The U.S. equity market, with its diverse landscape, is an ever-evolving stage where the weight of stocks shifts over time. This article aims to provide a comprehensive understanding of this phenomenon, comparing today’s market leadership with past market cycles, and assessing the current state of the bull run. A key focus will be on the patterns of market concentration, leadership rotation, and the effects of recessions on these dynamics.
Market Concentration and Leadership Rotation
In bull market phases, certain stocks excel in performance and inevitably grow to constitute a larger portion of the market. This leads to increased market concentration as these stocks attract investor confidence and gain higher valuations. However, this concentration tends to increase steadily until a recession strikes, triggering a substantial rotation in leadership. The high valuations deflate, and the former market leaders often underperform in the next cycle, paving the way for new market leadership.
Case Studies: The Nifty 50 and Dot-Com Bubbles
Rewinding to the 1970s, companies like Coca-Cola, Disney, Procter & Gamble, and McDonald’s were impressively outperforming until December 1972. This surge began after the 1970 recession, with these stocks bouncing back swiftly and surpassing their previous highs. However, the bubble burst in December 1972, just before the 1973 oil shock recession. The stocks that made up the Nifty 50 bubble declined by 80%, largely due to the deflation of high valuations.
Fast-forward to the 1990s, the internet stocks like IBM, Qualcomm, Cisco, Intel, Oracle formed a new leadership after the 1990 recession. These stocks outperformed until the Dot-Com bubble burst in March 2000, then deflated over 80% as the recession unfolded.
Current Market Leadership: Mega-Cap Stocks
Today, we observe a similar pattern. Mega-cap stocks like Microsoft, Apple, Nvidia, Google, Netflix, Amazon underwent a sharp correction during the Financial Crisis. They recovered to begin a massive bull run and continue to outperform as we’ve had no recession since then. Interestingly, the Mega-cap leadership briefly peaked in December 2021, right before the Fed initiated one of history’s most aggressive tightening cycles. However, these stocks have been moving back up in 2023, leading the entire market higher.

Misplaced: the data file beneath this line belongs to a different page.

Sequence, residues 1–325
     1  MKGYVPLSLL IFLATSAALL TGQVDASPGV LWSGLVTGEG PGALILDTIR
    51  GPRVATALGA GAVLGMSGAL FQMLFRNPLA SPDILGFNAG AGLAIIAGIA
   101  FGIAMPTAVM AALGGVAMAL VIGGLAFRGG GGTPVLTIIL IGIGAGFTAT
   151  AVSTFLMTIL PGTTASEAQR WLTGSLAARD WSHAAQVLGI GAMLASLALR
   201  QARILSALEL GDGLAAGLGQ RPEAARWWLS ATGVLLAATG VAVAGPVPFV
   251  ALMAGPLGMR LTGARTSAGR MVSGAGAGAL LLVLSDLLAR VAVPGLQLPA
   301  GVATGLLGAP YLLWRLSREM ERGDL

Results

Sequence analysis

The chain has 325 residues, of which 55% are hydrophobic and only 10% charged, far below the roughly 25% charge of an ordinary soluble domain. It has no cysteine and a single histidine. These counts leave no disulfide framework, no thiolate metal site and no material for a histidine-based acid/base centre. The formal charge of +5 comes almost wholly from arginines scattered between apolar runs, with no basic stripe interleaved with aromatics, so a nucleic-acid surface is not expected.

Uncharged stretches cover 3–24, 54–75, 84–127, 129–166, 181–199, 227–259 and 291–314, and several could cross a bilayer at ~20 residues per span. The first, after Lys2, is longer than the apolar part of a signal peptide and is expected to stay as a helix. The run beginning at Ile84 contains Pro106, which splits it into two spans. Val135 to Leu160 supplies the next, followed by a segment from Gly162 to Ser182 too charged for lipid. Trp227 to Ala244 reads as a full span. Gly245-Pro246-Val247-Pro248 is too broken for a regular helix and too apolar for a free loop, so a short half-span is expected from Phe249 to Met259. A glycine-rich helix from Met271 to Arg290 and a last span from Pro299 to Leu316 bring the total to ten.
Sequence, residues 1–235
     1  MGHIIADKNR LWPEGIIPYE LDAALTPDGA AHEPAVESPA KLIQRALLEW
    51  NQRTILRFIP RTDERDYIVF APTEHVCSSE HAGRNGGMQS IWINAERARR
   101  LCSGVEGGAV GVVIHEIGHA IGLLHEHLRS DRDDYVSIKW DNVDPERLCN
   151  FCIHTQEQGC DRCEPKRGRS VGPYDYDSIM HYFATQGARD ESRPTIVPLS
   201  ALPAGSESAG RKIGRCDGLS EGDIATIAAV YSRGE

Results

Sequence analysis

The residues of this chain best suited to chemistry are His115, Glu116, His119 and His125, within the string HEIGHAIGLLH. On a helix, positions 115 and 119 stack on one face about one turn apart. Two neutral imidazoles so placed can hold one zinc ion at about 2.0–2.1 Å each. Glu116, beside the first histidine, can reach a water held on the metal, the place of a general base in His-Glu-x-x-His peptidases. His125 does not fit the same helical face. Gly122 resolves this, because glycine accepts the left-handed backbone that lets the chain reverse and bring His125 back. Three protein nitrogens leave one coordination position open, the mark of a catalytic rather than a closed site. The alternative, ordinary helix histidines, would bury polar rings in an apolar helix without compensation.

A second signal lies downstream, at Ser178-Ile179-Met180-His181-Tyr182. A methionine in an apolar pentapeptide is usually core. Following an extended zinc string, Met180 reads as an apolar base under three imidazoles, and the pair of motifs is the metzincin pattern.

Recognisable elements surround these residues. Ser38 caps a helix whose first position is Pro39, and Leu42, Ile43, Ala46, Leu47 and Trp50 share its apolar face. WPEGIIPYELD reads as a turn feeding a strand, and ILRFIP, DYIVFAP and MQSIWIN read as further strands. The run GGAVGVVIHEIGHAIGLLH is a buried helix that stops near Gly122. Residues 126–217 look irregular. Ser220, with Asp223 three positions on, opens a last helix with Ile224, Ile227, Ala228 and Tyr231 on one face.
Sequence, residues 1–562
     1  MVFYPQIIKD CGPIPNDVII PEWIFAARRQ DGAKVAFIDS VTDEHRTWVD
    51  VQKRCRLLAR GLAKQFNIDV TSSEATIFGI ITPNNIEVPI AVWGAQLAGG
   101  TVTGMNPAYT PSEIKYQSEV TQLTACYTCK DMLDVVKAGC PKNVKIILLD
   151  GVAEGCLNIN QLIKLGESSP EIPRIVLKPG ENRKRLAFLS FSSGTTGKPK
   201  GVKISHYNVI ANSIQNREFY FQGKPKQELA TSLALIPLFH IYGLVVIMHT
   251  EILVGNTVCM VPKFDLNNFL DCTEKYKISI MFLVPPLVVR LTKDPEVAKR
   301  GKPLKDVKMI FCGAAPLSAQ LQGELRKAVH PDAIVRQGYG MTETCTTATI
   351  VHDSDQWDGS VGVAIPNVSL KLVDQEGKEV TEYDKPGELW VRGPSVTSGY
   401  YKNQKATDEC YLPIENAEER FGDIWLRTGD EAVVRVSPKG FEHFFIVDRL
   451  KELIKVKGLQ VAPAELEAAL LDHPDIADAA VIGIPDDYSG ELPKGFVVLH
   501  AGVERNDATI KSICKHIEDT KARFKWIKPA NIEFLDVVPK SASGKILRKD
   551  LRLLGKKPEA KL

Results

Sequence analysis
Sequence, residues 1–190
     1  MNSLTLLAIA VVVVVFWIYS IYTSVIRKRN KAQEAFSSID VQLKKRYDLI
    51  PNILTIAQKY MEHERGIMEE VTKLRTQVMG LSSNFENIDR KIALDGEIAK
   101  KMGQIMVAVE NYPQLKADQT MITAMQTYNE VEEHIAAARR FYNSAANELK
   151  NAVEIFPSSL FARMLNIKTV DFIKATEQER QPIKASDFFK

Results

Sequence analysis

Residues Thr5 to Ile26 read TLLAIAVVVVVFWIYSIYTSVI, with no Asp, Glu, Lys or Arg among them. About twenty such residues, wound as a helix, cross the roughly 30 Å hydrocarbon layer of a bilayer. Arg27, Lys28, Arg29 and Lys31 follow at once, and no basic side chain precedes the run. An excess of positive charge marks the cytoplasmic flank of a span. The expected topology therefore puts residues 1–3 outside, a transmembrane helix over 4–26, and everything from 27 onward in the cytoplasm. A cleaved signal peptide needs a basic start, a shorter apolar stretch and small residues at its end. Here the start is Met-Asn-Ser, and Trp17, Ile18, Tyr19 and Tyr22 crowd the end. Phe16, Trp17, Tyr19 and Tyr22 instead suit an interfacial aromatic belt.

Why Mega-Cap Tech Leadership Didn’t Underperform?
One key question is why did the mega-cap tech leadership not continue to underperform like it did in 1975 and 2002? The reason equities didn’t plummet like in the 1970s or 2000 is because Tech stocks in December 2021 were still relatively cheap. The Nifty 50 had a trailing P/E ratio of around 40, compared to 25 in December 2021. This indicates we didn’t have the same levels of euphoria that we did in 1974, suggesting it wasn’t a full fledged bubble.
Current Valuations and the Risk of Overvaluation
In 2000, the expensive stocks had a P/E ratio of around 70, compared to around 25 today. However, today’s AI stocks have a P/E ratio of 50, indicating much more bubble-like behavior similar to the Dot-Com bubble. It’s crucial to remember that elevated valuations don’t directly indicate the timing of price changes. They merely suggest that there’s less scope for upside than downside. An expensive stock can stay expensive indefinitely, but a catalyst is needed to deflate the valuations, shifting investor sentiment from optimism to pessimism. Historically, this catalyst is often a recession.
Recession Predictions and the Impact on Mega-Cap Stocks
Most economists in 2022 predicted a recession in H1 2023, but the economy has managed to avert it to date. This is a key reason why Mega-cap stocks have outperformed in 2023. Since 1953, big and expensive stocks have underperformed during recessions. The only time we didn’t witness an underperformance of big and expensive stocks was after the 2020 Pandemic, which wasn’t a typical natural recession.
Our analysis suggests elevated odds of a recession in the next 6 – 12 months. Unemployment is expected to rise significantly towards the end of 2023 as a result of tight monetary policy. Big and expensive stocks appear vulnerable to the downside, even if they’re not as expensive as during the Nifty 50 or Dot Com. History shows us that the primary determinant of when market leadership turns isn’t valuations, but the onset of a recession.
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